But that is just one particularly overt area of social and value-conflict. There are quite a number of them now. Race and ‘oppression’ is one area. Sexuality and sexual orientation is another. Gender is one that has relatively recently pushed itself to the front. What about the conflict between economic development and progress when it is confronted by environmental activists and ‘climate change’ activism? Who will adjudicate these conflicts? and according to what set of values? The more that I think about it the more that this list can go on & on & on. It is almost endless.
Let us suppose that in a given time and place — say San Francisco when it first became a haven for that sort of sexual perversion — let us suppose that the surrounding culture was of the agreement that in no sense and in no way would some part of the city be allowed to transform itself into a Sodom (to use a dramatic, polemical word). They would naturally elect judges who would not only adjudicate points of law, whatever they happened to be, but would extend their judgments, as a form of social control, as a form of social activism ‘for the betterment of society’, to be sure that the law dis-favored those homosexuals as they set up shop so to speak. If that had been the case, and if there had not been social permissiveness and a specific ‘transvaluation of values’ as was the case in SF, that horrifying situation would never have developed as it did. Because the Judge would have been doing his or her job.
You can go right down the line here, extending this example to hundreds and thousands of different instances. Our Present — this distorted, corrupt present — has been constructed, over time, through negligence and permissiveness on the part of those who *should* have been capable of holding to *proper value-definitions*. Meaning, there was a relaxation of specific value-definitions. Or, new sets of value-definitions vied for influence and, for many different reasons (social engineering and behind-the-scenes rigging as perhaps it should be said) has resulted in our Manufactured Present.
So, please, tell me how to define ethics within this confused state of affairs? ‘Ethics’ only means what some people, in some given place and time, decide on as their ‘shared values’. Ethics do shift with time and time’s changes, but in no sense must we assume — can we assume — that they shift for the better. It would be more prudent to admit that in fact they devolve.
This post of Jack’s actually illumines a problem that has had me somewhat conflicted and *stymied*.
The social values of a culture, the defined moral substructure, must be agreed on. If they are not that society is in conflict and social struggle will result and will continue until it is resolved (in one way or another). Therefore, if one can accurately define the social value, and in the best case if it is really & truly agreed on, then the role of Judge is to enforce that order no matter what. It does not matter if the judge exceeds his or her powers or *guidelines*. What matters is whether what he or she has done has resulted in social benefit . . . or not.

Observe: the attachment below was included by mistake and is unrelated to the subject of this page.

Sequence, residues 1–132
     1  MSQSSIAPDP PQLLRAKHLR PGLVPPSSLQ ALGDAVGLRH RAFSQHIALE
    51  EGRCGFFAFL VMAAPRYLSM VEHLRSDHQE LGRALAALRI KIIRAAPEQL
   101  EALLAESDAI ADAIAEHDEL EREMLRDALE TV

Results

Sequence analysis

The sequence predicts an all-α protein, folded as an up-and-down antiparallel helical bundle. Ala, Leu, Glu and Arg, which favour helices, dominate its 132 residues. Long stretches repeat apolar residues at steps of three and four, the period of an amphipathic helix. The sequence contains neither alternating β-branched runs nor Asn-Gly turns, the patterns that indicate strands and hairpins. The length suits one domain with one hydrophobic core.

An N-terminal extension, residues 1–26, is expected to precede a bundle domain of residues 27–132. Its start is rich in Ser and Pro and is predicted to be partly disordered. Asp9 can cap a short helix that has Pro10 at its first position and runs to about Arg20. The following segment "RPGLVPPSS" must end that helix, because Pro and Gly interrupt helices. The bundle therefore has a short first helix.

A system of laws if and when it became pernicious to the agreed social values, if and when it showed itself as operating against these, would require to be challenged. I think that this would have to be extended all the way up to the very top: to Constitutional law. And I think I can cite and instance: Lincoln’s suspension of those laws of Constitutional protection in a time of national crisis. But of course you would have to be a partisan to Lincoln’s project — defeating a rival and avoiding a whole host of problems — in order to feel that by his suspension of the Constitutional law that he served ‘the greater good’.
You would have to control the very definition of ‘greater good’.
There is a Dissident Movement which is challenging the assertions and declarations and ‘belief-system’ of Liberal culture: of what ‘liberalism’ has turned into, which really has tyrannous aspects and could, if things got a bit rougher, show a very ugly and violent side (which has always been inherent in American culture and perhaps in the American psyche or psychology).
If the challenge ever developed strength and if it could or did *assert itself* it would do so extra-judicially, if the present permissive, liberal system were understood to be what it opposed: the reigning value-system. In this sense, any shift or evolution in law is always proceeded by law-breaking, isn’t it? When once sodomy was illegal and punishable (this is just an easy example) now the law not only protects that act but nearly any and all forms of (erstwhile defined) sexual deviance. And law ‘pushes’ so to speak the illegal and unlawful act into the domain of the permissible. It advocates.
But to turn against the ‘transvalued value’ means, as I think it is easily seen, to ‘break with the established law’: to be lawless or disobedient.
So, in our present, the Dissident Right is seen — and naturally must be seen — as an intrusion of evil and something that must be combatted and suppressed.
This encapsulates the core of the problem that we face in our present, according to my understanding.
“any fact that increases the penalty for a crime beyond the prescribed statutory maximum”
1. How can any penalty beyond the statutory maximum not be against the eighth amendment, i.e. “nor cruel and unusual punishments inflicted.
2. Although from the little that I’ve looked at the O.J. Simpson case leads me believe that you are right about his guilt, how many times have judges, prosecutors etc. ‘known’ that a defendant was guilty and have been wrong?